on apologizing

beautiful image courtesy webweaver.nu

I used to say “I’m sorry” too much. I used to say it for the silliest things, and sometimes I still do. But, for reasons I can’t identify to myself, I’m not so much of an apologizer or people-pleaser any more. (Those two things seem to go hand-in-hand.) It may have something to do with learning from a man I married who is (refreshingly) not a people-pleaser. (He’s a wonderful man, as you know, but he’s not about to apologize for his existence,  the way I used to.) It may have something to do with my kids. Having twins allows me to study the nature vs. nurture effect on a daily basis. They’ve shown me that the people-pleasing-thing is not so much about nurture, but rather, nature. Despite having almost identical experiences their first several years, one twin has it in him to be socially tuned-in constantly and the other, most times, seems socially oblivious. There are drawbacks and benefits to both ways. But when I once noticed the socially sensitive one saying he was sorry for things he ought not feel sorry about, I realized I better watch myself. I don’t want him learning it from me.

One of my best friends, who I’ve known since junior high, told me recently that I come across as more guarded than I used to be. It made me feel a little sad, but I also feel like the shift has been necessary for me to feel comfortable in my own skin. I think this has something to do with my shift as a people-pleasing apologizer. I certainly still want anyone who comes into contact with me to find me a nice, compassionate person. But, these days, I’m just now learning how to engage socially without feeling like my real “self”” has to disappear. Many times, this means not apologizing as a reflex like I used to.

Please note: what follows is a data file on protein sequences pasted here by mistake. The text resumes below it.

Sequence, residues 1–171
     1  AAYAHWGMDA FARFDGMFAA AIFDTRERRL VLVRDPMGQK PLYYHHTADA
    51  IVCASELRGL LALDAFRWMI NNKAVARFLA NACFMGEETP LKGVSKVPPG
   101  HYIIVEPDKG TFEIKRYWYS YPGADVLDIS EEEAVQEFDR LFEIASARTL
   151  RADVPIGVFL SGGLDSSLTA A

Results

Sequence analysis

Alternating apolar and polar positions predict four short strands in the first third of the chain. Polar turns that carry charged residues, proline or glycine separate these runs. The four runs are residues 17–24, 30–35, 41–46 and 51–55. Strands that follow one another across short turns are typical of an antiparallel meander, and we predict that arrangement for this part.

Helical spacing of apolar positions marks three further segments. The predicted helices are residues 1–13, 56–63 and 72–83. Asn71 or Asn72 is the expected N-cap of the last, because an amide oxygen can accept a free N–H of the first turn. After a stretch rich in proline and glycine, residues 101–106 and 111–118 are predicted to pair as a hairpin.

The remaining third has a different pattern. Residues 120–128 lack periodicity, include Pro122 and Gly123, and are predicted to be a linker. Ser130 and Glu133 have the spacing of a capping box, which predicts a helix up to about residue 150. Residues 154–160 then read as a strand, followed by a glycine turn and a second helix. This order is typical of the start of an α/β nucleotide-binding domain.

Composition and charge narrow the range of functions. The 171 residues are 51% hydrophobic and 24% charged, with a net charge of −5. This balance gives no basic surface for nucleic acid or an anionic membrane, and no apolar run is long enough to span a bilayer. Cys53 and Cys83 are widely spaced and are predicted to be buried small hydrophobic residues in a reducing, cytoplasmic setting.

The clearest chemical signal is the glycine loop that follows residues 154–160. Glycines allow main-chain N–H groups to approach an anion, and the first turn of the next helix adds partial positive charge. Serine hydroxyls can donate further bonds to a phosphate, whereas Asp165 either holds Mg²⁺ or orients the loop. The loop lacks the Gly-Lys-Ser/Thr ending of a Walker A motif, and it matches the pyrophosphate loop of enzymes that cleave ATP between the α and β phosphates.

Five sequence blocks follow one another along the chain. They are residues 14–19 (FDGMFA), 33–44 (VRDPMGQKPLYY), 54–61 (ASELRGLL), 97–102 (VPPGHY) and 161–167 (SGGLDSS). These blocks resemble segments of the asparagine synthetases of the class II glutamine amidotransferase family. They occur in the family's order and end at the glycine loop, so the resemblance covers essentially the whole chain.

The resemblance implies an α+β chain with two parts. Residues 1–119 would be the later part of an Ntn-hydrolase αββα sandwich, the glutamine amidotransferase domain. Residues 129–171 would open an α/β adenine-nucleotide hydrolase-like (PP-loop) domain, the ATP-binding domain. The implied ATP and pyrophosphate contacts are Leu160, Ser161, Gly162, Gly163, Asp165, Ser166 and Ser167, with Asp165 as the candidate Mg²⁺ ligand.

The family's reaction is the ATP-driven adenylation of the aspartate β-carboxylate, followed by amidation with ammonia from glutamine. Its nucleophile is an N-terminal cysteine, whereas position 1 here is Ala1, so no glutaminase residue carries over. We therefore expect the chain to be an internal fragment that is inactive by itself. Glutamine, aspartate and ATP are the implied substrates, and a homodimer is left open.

What strikes me about how much I used to say “I’m sorry” is that I never said it at the times I really should have. Here is where I’ll lose some readers: I’m about to describe a dream. Creative writing teachers, including myself, always say dream sequences are very tricky to pull off; most time, you’ll lose your audience. So for those who want to check out now: Goodbye.